In 2016, Turner joined ornithologist George Archibald, considered the leading authority on wild cranes of the world, on a pilgrimage to watch migratory sandhill cranes massing along the Platte River in Nebraska. “Artists who paint the natural world, especially birders, are a funny bunch, but they’re my people,” Turner says. 

Felsing explains that Turner’s embracing of wildlife isn’t about documenting animals as subject matter, it’s about sensing how animate objects — spirits, beings, sparks of life — give landscapes a greater depth of presence. “We’ve had many long conversations about the pitfalls of Realism,” Felsing says. “And instead of examining together the works of other wildlife artists, we’ve been looking at Abstract Expressionists Rothko, Diebenkorn, de Kooning and Impressionist Twachtman. Their work demands response in ways that simply painting pretty pictures does not.”

“John has been ruthless in encouraging me to find my voice, pushing me, pushing me hard,” Turner says, adding that he offers critiques of works in progress as they chat via FaceTime. “His big thing is being consciously aware of immediacy, being awake in the moment. It’s the way he approaches his own relationship with nature, but he doesn’t want me to follow his path or anyone else’s. He says the path must be my own.”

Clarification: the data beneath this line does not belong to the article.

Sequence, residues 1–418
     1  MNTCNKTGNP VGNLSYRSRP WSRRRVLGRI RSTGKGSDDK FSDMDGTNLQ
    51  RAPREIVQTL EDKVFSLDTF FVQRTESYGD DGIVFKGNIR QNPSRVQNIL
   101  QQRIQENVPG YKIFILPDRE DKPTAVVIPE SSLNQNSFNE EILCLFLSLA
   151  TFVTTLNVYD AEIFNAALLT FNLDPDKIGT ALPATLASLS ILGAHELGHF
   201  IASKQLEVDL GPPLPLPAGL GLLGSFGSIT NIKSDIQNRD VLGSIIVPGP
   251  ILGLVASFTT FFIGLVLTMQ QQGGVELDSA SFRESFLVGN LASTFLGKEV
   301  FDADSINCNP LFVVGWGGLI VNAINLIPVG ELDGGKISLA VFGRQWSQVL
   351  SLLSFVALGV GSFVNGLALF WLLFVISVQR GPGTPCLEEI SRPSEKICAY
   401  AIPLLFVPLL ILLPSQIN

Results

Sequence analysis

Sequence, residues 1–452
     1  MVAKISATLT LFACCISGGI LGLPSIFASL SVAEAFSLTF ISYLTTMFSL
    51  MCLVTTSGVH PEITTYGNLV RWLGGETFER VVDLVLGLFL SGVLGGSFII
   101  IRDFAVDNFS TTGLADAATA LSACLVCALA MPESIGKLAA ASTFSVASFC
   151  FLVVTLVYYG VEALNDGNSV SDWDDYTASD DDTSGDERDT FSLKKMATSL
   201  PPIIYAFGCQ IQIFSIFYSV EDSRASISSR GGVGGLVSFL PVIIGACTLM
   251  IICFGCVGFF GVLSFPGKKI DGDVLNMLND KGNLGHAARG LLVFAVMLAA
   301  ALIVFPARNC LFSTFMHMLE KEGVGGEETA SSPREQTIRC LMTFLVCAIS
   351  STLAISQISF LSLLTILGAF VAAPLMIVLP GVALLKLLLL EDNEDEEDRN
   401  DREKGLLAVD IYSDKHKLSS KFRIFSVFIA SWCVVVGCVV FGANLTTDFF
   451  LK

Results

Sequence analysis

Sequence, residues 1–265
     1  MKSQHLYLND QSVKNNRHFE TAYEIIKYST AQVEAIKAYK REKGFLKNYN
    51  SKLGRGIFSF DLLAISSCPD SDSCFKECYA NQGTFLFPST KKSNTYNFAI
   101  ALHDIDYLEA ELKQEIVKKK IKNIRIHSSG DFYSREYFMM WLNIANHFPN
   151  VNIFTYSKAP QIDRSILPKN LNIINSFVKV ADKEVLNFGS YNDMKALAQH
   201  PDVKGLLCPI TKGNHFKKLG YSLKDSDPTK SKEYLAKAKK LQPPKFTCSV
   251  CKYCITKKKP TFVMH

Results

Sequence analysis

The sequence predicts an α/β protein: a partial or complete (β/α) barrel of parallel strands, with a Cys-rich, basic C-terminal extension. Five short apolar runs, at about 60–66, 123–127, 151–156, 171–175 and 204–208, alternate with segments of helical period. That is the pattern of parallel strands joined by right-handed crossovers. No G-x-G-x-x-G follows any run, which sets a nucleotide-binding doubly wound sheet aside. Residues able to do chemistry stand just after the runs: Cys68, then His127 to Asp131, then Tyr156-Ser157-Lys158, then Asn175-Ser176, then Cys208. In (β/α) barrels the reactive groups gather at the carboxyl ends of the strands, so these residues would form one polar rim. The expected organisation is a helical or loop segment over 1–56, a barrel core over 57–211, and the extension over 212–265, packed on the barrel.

Felsing says it’s misleading to describe Turner as simply going through a period of transition from plein air to more ambitious studio painting. “She’s evolving. She’s pressing past her comfort zone into uncharted territory. It’s exhilarating when work reflects the confidence you feel, but it can also be a frightening place to be,” he says. “If you look at the best art that’s ever been created in history, it’s been done by those who were not halted by fear.”

Painter Skip Whitcomb explains that the danger for young painters receiving acclaim in their 20s is that success makes them complacent and risk-averse. “Unlike others who have lost their way, Kathryn is very earnest in her explorations. But I feel that she has just scratched the surface of what she is capable of doing,” Whitcomb says. 

“She has a tremendous pool of ability, and by living where she does, she’s absorbed aspects of the natural aesthetic that you can’t learn or teach. Her challenge now is rejecting the path of least resistance even when people tell her they love the work and want her to stop evolving,” he adds. “If we want to reach higher planes of meaning, we all have to probe the dark corners. They are unavoidable. That’s where we really understand who we are and what we are made of. That is the opportunity and the challenge of being alive.”